Joe, you are one of my heroes! I visit your website several times a day and often share your blog with friends and colleagues.

    Humor is indeed a boon to our spirit. How about we all share with Joe some humor!

    My students love these videos:

    An advert that’s a parody of the 1984 video “We are the World”

    Another parody by the same company of the video “YMCA” by the Village People:

  67. Lionel A says:

    Having escaped the grim reaper a few years back from myocardial infarction, twice in two days, and now facing increasing difficulties as various organs degenerate I am still smiling and cracking jokes and thinking positive – every day is a bonus and I have seen three grandchildren who I would not otherwise have done.

    It is in part for their future that I wish you the best recovery, you well deserve your place in the Guardian Climate change abolitionists list.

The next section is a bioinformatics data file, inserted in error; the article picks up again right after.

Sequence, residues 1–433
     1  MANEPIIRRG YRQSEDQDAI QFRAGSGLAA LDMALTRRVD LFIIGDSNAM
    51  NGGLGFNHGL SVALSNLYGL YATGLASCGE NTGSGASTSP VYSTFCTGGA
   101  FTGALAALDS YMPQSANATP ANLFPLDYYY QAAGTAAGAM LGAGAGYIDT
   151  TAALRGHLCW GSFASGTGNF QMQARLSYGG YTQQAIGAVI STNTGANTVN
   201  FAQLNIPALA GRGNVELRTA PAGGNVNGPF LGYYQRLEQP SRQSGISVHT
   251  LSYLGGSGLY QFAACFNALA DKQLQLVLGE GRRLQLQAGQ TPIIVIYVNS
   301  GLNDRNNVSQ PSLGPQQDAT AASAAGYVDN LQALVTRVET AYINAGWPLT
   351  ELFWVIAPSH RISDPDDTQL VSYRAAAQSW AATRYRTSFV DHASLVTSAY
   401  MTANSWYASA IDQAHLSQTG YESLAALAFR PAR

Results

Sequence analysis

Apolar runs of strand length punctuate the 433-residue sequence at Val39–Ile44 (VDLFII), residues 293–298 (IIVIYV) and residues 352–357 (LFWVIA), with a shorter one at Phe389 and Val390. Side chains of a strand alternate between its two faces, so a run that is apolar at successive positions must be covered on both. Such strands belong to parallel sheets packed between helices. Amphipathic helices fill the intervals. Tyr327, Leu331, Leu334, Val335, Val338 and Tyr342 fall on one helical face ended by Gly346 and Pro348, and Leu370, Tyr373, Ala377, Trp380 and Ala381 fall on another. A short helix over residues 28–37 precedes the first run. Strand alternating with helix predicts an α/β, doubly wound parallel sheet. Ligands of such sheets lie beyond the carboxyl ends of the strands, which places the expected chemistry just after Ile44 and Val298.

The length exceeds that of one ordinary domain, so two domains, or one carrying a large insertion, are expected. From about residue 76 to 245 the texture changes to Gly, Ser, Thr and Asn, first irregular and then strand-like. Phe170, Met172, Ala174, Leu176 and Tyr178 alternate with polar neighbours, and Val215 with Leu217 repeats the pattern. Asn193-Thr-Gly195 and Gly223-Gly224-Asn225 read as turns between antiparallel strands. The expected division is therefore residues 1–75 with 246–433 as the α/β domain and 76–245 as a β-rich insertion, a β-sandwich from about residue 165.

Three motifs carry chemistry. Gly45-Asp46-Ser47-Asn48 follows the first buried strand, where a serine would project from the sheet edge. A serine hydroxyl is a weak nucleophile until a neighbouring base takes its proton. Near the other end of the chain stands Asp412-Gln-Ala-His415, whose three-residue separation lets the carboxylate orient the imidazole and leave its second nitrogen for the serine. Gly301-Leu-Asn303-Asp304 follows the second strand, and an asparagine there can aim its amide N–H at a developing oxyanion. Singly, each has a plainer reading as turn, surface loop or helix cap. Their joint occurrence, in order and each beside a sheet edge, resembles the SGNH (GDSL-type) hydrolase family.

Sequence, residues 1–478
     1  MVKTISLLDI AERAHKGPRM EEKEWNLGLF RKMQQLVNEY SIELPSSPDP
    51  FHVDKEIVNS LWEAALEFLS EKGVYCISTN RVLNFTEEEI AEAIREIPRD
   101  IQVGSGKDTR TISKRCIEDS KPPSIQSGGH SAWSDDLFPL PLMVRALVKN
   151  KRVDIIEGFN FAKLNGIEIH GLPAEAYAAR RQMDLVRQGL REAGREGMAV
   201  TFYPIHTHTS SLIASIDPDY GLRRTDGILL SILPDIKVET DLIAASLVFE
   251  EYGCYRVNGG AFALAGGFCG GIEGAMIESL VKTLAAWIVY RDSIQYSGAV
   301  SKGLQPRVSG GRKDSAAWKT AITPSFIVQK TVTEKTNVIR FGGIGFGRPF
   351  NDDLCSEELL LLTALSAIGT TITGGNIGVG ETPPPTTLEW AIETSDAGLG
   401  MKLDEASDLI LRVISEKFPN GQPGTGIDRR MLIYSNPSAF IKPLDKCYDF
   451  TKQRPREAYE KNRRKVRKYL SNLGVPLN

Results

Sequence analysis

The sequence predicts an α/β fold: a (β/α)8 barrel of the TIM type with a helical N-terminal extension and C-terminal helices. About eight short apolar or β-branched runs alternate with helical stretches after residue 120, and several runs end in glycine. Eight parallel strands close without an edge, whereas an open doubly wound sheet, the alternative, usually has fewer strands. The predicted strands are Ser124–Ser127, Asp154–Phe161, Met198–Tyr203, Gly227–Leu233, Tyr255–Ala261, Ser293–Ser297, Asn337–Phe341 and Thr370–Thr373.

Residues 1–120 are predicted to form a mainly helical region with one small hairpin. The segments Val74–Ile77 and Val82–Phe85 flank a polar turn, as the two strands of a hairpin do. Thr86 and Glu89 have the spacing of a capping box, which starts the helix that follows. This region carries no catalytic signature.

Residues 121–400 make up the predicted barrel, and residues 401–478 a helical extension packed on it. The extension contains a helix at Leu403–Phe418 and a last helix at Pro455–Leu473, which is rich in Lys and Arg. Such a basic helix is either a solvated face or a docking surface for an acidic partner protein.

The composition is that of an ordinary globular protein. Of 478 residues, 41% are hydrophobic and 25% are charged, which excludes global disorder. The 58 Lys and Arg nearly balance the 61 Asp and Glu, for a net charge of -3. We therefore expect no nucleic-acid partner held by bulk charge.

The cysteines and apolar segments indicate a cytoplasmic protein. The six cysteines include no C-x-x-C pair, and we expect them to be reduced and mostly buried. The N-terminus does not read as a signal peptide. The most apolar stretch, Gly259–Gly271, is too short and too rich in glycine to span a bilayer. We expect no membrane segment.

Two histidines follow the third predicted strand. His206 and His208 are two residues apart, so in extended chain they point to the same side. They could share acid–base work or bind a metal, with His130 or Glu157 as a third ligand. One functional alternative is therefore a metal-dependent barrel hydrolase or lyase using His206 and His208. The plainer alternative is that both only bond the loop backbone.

Best wishes for recover Joe for it is inspiration from you that keeps me plugging away at those who side with the deniers, delayers and also the simply mislead.

  68. Mulga Mumblebrain says:

    Congratulations! I know that I’d be lost without my spleen.

  69. Mulga Mumblebrain says:

    German physicians, in the days before mass cigarette smoking, would gather their students when a patient with lung cancer was found, it being, then, so rare an affliction.